May 17, 2022

A meduse is one of two morphological stages of a cnidarian. The meduse is the motile, free-swimming life stage capable of sexual reproduction. The meduse is also called the jellyfish stage, because all jellyfish (especially the disc jellyfish) can mainly be recognized by their meduse. The meduse stage probably originated with the common ancestor of the Medusozoa. The other life stage of a cnidarine is called the polyp. This is the perennial phase that settles in the seabed and reproduces asexually by means of budding. The polyp stage has been secondarily lost in evolution in some cnidarians.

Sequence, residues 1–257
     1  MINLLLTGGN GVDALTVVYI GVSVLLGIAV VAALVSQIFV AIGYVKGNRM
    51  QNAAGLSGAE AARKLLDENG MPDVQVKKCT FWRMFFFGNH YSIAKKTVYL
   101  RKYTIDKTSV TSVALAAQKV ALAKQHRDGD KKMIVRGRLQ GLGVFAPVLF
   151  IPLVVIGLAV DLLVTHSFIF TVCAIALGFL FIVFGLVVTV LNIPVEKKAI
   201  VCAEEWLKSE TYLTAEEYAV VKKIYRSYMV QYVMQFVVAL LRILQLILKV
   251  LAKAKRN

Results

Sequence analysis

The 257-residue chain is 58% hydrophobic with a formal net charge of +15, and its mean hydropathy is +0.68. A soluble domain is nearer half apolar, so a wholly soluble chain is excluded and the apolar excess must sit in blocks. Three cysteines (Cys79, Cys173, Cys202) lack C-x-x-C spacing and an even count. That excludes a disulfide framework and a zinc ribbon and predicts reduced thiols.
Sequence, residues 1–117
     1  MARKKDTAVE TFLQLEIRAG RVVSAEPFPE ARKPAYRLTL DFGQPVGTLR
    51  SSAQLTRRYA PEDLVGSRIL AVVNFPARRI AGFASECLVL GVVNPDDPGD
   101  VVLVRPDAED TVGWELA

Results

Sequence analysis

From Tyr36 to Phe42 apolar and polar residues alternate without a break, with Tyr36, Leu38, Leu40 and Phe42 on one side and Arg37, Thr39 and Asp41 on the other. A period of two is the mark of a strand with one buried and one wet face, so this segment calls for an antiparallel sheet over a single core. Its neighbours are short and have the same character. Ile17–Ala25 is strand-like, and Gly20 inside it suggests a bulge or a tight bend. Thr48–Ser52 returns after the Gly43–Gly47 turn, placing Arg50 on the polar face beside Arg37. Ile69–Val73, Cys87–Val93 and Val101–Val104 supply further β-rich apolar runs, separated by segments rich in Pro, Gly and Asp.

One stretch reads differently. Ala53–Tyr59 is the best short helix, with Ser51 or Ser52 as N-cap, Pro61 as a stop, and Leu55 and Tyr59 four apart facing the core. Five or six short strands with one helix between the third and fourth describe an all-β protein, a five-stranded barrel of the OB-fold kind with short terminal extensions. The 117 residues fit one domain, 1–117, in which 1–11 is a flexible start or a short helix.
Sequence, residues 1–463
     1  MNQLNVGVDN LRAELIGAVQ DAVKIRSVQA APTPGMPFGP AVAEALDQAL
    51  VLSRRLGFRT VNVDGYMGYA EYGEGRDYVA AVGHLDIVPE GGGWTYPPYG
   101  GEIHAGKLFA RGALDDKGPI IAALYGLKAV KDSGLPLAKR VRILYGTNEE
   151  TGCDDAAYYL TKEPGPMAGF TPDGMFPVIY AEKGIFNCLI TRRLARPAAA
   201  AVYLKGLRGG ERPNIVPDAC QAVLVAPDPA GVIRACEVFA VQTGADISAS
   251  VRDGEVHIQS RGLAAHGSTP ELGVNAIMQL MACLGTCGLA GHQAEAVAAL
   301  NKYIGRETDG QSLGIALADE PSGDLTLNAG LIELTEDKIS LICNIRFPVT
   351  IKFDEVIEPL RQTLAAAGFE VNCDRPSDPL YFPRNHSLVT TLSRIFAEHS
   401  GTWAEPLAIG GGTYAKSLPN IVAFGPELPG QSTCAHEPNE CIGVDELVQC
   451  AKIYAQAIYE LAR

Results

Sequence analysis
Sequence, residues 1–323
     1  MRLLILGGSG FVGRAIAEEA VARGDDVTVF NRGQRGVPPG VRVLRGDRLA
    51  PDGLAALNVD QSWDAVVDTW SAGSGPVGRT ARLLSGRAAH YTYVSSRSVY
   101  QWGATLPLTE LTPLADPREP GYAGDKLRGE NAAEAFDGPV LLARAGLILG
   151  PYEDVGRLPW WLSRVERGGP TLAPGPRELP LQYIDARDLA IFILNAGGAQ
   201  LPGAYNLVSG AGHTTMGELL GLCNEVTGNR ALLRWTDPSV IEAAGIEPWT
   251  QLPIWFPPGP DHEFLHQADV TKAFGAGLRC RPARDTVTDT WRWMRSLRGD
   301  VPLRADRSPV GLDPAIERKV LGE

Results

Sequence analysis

Cnidarians are a large group of marine animals. Four major classes are distinguished: Scyphozoa (large medus), Cubozoa (box jellyfish), Hydrozoa (small medus) and Anthozoa (flowers, with only the polyp stage). Scyphozoa have a four-part symmetry and often have a well-developed whorl of tentacles around the mouth and rim of the body. Cubozoa have a box-shaped body and can often move quickly. Hydrozoa medus are small and have reduced tentacles. Although the jellyfish show a great wealth of shapes, all representatives have the same building plan in simple lines. The body of a meduse is made up of a translucent, jelly-like substance (the mesoglea) and is generally umbrella- or bell-shaped. A stem-like structure hangs down from the center, the manubrium, which contains the mouth opening. The mouth is connected to the gastrovascular cavity, the place where digestion takes place and nutrients are absorbed.

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